This month Apple introduced the M2 chip – the second generation dedicated silicon chip for Mac computers. After the M1 chip revolutionized the Mac starting in November 2020, how much better did the M2 really get?
Apple says the M2 chip takes the performance per watt of the M1 even further with an 18 percent faster CPU, 35 percent more powerful GPUs, and a 40 percent faster Neural Engine. There are also other important improvements such as increased memory bandwidth and support for up to 24GB of unified memory.
As Apple’s second major iteration of silicon, it may not be clear how significant the M2’s improvement is over the M1, especially as it sticks to the 5nm manufacturing process, contrary to some rumors that have suggested an even bigger leap in performance and efficiency. In store. The M2 chip debuted in the 13-inch MacBook Pro and the redesigned MacBook Air, so how far the M2 is better than its predecessor may be an important consideration when buying a new Mac. Read on to learn more about the differences between the two slides.
- Manufactured using TSMC’s 5nm (N5) process.
- 16 billion transistors
- 4 high-performance “firestorm” cores
- 4 “Icestorm” energy-saving cores
- 3.2GHz CPU clock speed
- CPU cores debuted in the A14 Bionic chip of the iPhone 12 lineup
- Octa-core graphics processor
- Support 8GB or 16GB unified memory
- Memory bandwidth 68.25 GB/sec
- nervous motor
- H.264 and HEVC hardware acceleration media engine
- Video decoding engine
- video encoding engine
- Image Signal Processor (ISP)
- Made with TSMC’s Enhanced 5nm Process (N5P)
- 20 billion transistors
- 4 high-performance “Avalanche” cores
- 4 energy-saving Blizzard cores
- 3.49GHz CPU Clock Speed
- CPU cores debuted in the A15 Bionic chip of the iPhone 13 lineup
- 10 GPU cores
- Standard memory support 8GB, 16GB or 24GB
- 100 GB/sec memory bandwidth
- 40% faster neural engine
- H.264, HEVC, ProRes and ProRes RAW hardware acceleration media engine
- High bandwidth video decoding engine
- video encoding engine
- ProRes Engine Encryption and Decryption
- The “new” image signal processor (ISP)
Manufacturing process and transistors
Like the A14 Bionic, the M1 chip was built using TSMC’s first-generation 5nm manufacturing process. On the other hand, the M2 uses TSMC’s second generation 5nm process like the A15 Bionic chip. The M2 adds four billion additional transistors for a total of 20 billion – 25 percent more than the M1. An improved 5nm manufacturing process is at the heart of many of the M2’s performance and efficiency improvements.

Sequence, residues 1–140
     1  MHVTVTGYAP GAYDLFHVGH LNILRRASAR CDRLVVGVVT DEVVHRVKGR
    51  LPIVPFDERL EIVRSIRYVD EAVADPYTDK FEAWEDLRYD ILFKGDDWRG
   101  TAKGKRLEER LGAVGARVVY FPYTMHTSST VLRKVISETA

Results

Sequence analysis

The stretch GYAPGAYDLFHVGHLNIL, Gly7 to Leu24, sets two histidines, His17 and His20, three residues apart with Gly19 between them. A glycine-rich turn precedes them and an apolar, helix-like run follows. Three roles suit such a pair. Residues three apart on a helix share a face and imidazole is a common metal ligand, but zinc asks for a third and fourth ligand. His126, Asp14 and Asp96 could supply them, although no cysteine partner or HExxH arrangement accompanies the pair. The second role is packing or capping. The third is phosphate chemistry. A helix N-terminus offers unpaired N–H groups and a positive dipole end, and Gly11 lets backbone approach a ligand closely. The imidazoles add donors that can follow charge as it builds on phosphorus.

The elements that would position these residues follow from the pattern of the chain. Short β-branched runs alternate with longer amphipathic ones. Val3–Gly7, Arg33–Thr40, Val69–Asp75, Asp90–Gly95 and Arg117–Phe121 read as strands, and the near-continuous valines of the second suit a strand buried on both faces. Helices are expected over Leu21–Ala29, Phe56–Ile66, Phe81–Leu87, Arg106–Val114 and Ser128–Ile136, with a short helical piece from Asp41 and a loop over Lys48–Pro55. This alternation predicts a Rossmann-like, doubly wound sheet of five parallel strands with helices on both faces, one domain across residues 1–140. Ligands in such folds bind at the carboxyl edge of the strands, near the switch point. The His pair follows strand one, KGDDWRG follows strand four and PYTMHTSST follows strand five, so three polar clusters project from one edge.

The M1 and M2 have four high-performance cores and four energy-saving cores, but while the M1 features the “Firestorm” and “Icestorm” cores of the A14 Bionic chip, the M2 offers the “Avalanche” and “Blizzard” of the A15 Bionic chips. According to Apple, this results in 18 percent greater multithreaded performance than the M1.
In early Geekbench benchmarks, the M2, which runs at 3.49GHz compared to 3.2GHz for the M1, received a single-core score of 1,919, which is roughly 12 percent faster than the single-core score of 1,707 for the 13-inch MacBook. forefront. The M2 has a multi-core score of 8,928, an increase of about 20 percent from the 7419 score for the M1 model. This is completely in line with Apple’s claim that the M2 chip is up to 18 percent faster than the M1.
Both chips have high-performance cores with 192KB of L1 instruction cache and 128KB of L1 data cache. Energy-saving cores contain a 128KB L1 instruction cache, a 64KB L1 data cache, and a 4MB L2 shared cache. The only difference here is that the shared L2 cache is larger on the M2 chip — 16MB instead of 12MB on the M1.
The M2 features two more GPU cores on the M1, which results in a moderate increase in graphics performance. Apple says the M2 has up to 25 percent higher graphics performance than the M1 at the same power level, and up to 35 percent better performance at its maximum power. In early Geekbench Metal benchmarks, the M2 chip scored 30.627, a marked improvement over the 21001 score obtained by the M1.
The M1 and M2 have dedicated video encoding and decoding engines for H.264 and HEVC hardware acceleration, but the M2 video engines are also capable of ProRes and ProRes RAW acceleration to enable playback of multiple streams of 4K and 8K video. Additionally, the M2 media engine includes a higher bandwidth video decoder, supporting 8K H.264 and HEVC video.
The M1 and M2 come in configurations with either 8GB or 16GB of unified memory, but the M2 adds an additional top-tier configuration with 24GB. The M2 memory controller can also deliver 100GB/s of combined memory bandwidth, a significant improvement over the M1’s 68.25GB/s memory bandwidth.
The M2 features improvements to many of Apple’s custom silicon technologies. For example, the Neural Engine can process up to 15.8 trillion operations per second — more than 40 percent of M1. The M2 also has Apple’s latest Safe Zone and a new Image Signal Processor (ISP) for better image noise reduction.
Overall, the M2 chip offers moderate improvements over the M1, even if most M1 users are unlikely to notice significant improvements when upgrading to the M2. The M2’s developments are generally worthwhile, if not transformative, and the chip is sure to provide a more modern experience with Apple’s low-spec silicon devices — especially those that come from an Intel-based device.
While the M2 offers improvements across the board thanks to an improved 5nm process, updated cores, and additional GPU cores, the major upgrades come for users who need to work with video, as well as those with memory-intensive workflows. The M2’s high-bandwidth video decoder and dedicated ProRes and ProRes RAW video engine deliver meaningful improvements to video editors, while the unified 24GB memory layer and 100GB/s memory bandwidth significantly enhance the capability of the M2 hardware. To handle memory-hungry apps and intense multitasking.